The project 17136 N/1 of the Research Association GfKORR e.V. was funded by the Federal Ministry for Economic Affairs and Energy via AiF within the Industrial Research Promotion Programme (IGF) based on the German Bundestag’s decision.

Contact:
Dipl.-Ing. Jens Lehmann
Division 6 Materials Protection and Surface Technologies
Email: Jens.Lehmann@bam.de

BAM is a senior scientific and technical Federal Institute with responsibility to the Federal Ministry for Economic Affairs and Energy (BMWi).

Dr. Ulrike Rockland | idw - Informationsdienst Wissenschaft
Further information:
http://www.bam.de

Further reports about: BAM Economic Energy Materialforschung ions processing surfaces

More articles from Materials Sciences:

nachricht Strange but true: Turning a material upside down can sometimes make it softer
20.10.2017 | Universitat Autonoma de Barcelona

nachricht Metallic nanoparticles will help to determine the percentage of volatile compounds
20.10.2017 | Lomonosov Moscow State University

All articles from Materials Sciences >>>

The most recent press releases about innovation >>>

Die letzten 5 Focus-News des innovations-reports im Überblick:

Im Focus: Neutron star merger directly observed for the first time

University of Maryland researchers contribute to historic detection of gravitational waves and light created by event

On August 17, 2017, at 12:41:04 UTC, scientists made the first direct observation of a merger between two neutron stars--the dense, collapsed cores that remain...

Im Focus: Breaking: the first light from two neutron stars merging

Seven new papers describe the first-ever detection of light from a gravitational wave source. The event, caused by two neutron stars colliding and merging together, was dubbed GW170817 because it sent ripples through space-time that reached Earth on 2017 August 17. Around the world, hundreds of excited astronomers mobilized quickly and were able to observe the event using numerous telescopes, providing a wealth of new data.

Previous detections of gravitational waves have all involved the merger of two black holes, a feat that won the 2017 Nobel Prize in Physics earlier this month....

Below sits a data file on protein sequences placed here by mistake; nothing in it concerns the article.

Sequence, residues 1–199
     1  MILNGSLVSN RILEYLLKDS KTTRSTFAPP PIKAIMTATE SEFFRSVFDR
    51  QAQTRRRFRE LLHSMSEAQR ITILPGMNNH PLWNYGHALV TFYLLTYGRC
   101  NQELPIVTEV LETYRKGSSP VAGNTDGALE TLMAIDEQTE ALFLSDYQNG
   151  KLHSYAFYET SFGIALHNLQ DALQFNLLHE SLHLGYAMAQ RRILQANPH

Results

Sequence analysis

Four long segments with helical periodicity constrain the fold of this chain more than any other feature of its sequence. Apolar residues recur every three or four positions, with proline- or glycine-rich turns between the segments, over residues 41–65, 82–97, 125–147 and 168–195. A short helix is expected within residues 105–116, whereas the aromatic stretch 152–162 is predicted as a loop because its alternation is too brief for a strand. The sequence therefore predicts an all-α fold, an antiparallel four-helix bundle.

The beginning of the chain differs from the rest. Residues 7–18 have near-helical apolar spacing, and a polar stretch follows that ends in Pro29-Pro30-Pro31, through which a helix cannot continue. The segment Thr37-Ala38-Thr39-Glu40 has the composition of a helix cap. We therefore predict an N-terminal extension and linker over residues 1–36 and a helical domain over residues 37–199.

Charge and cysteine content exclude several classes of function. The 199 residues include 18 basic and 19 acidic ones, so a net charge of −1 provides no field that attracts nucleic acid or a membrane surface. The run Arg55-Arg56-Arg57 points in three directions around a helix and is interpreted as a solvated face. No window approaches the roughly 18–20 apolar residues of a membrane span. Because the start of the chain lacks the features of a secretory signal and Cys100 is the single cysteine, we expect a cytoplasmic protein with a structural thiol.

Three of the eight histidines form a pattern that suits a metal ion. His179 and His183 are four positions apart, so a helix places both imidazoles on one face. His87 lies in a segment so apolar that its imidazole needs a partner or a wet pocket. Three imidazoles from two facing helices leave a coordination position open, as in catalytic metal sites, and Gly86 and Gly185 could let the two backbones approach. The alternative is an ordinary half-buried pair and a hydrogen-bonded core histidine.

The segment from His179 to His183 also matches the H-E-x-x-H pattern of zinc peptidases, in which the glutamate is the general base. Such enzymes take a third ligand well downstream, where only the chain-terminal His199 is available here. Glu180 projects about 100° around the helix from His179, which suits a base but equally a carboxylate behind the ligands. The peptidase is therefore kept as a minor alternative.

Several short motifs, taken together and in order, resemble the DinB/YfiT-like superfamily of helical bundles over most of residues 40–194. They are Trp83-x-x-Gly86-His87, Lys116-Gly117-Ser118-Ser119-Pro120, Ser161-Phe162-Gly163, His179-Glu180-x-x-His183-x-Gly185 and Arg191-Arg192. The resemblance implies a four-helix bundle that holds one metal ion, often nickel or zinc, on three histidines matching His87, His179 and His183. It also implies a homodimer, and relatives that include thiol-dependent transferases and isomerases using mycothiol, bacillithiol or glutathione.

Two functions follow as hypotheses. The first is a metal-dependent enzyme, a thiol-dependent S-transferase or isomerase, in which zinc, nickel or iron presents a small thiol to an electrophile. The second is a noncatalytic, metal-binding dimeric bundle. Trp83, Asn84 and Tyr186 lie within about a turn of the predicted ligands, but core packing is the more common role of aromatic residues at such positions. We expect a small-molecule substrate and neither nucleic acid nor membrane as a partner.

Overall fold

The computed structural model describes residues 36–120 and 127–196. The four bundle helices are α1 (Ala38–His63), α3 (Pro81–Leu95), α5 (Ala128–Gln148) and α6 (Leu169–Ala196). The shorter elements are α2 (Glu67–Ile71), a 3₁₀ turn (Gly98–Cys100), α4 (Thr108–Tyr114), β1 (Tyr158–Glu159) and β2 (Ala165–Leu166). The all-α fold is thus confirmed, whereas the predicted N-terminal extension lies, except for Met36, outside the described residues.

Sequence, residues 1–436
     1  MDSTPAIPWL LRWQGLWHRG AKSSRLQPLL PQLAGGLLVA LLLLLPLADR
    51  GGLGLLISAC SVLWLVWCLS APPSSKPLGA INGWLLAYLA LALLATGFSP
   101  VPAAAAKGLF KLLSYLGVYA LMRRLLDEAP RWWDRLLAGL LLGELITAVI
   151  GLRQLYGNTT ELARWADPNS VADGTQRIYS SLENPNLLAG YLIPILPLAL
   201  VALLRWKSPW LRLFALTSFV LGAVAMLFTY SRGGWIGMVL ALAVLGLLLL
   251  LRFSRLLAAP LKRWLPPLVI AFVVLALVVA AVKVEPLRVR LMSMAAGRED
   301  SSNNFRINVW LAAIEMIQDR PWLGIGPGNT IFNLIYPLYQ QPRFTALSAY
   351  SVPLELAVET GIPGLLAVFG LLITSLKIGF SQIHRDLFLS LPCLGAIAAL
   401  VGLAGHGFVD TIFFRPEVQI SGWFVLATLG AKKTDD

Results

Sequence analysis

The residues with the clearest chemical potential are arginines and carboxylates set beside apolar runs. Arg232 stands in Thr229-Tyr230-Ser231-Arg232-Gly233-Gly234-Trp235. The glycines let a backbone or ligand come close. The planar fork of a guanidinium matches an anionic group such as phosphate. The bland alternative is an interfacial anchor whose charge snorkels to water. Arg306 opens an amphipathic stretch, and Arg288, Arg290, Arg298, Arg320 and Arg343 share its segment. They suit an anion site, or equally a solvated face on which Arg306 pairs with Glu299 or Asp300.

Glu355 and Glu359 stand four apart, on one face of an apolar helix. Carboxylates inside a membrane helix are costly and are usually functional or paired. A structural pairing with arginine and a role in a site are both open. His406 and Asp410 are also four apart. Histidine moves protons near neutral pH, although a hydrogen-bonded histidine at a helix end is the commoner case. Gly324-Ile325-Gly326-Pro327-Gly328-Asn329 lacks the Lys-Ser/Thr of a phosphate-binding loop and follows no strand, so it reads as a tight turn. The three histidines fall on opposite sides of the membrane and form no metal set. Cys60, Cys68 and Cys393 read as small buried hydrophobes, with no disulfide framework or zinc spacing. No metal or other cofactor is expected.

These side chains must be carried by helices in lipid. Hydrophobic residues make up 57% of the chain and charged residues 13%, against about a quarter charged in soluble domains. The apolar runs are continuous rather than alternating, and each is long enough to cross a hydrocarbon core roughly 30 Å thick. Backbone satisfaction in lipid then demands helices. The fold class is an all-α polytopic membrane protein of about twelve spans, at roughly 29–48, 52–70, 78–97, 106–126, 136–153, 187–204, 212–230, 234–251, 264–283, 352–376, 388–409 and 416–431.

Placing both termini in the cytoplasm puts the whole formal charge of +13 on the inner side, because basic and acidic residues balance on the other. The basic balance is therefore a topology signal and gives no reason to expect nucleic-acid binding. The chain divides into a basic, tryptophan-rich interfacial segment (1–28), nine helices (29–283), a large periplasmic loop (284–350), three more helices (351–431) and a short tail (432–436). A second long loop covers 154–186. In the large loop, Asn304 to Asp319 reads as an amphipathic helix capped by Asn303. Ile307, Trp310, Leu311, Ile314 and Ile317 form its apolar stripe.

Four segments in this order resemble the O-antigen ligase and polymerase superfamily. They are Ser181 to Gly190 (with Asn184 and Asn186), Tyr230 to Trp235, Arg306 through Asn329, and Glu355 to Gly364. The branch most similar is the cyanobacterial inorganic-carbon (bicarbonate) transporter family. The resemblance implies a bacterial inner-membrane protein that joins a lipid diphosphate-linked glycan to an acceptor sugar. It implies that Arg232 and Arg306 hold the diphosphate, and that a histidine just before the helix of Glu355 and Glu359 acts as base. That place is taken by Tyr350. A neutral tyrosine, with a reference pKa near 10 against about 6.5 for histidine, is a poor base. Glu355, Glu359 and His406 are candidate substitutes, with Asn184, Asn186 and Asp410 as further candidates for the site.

Im Focus: Smart sensors for efficient processes

Material defects in end products can quickly result in failures in many areas of industry, and have a massive impact on the safe use of their products. This is why, in the field of quality assurance, intelligent, nondestructive sensor systems play a key role. They allow testing components and parts in a rapid and cost-efficient manner without destroying the actual product or changing its surface. Experts from the Fraunhofer IZFP in Saarbrücken will be presenting two exhibits at the Blechexpo in Stuttgart from 7–10 November 2017 that allow fast, reliable, and automated characterization of materials and detection of defects (Hall 5, Booth 5306).

When quality testing uses time-consuming destructive test methods, it can result in enormous costs due to damaging or destroying the products. And given that...

Im Focus: Cold molecules on collision course

Using a new cooling technique MPQ scientists succeed at observing collisions in a dense beam of cold and slow dipolar molecules.

How do chemical reactions proceed at extremely low temperatures? The answer requires the investigation of molecular samples that are cold, dense, and slow at...

Im Focus: Shrinking the proton again!

Scientists from the Max Planck Institute of Quantum Optics, using high precision laser spectroscopy of atomic hydrogen, confirm the surprisingly small value of the proton radius determined from muonic hydrogen.

It was one of the breakthroughs of the year 2010: Laser spectroscopy of muonic hydrogen resulted in a value for the proton charge radius that was significantly...

All Focus news of the innovation-report >>>

Anzeige

Anzeige

Event News

ASEAN Member States discuss the future role of renewable energy

17.10.2017 | Event News

World Health Summit 2017: International experts set the course for the future of Global Health

10.10.2017 | Event News

Climate Engineering Conference 2017 Opens in Berlin

10.10.2017 | Event News

 
Latest News

Terahertz spectroscopy goes nano

20.10.2017 | Information Technology

Strange but true: Turning a material upside down can sometimes make it softer

20.10.2017 | Materials Sciences

NRL clarifies valley polarization for electronic and optoelectronic technologies

20.10.2017 | Interdisciplinary Research

VideoLinks
B2B-VideoLinks
More VideoLinks >>>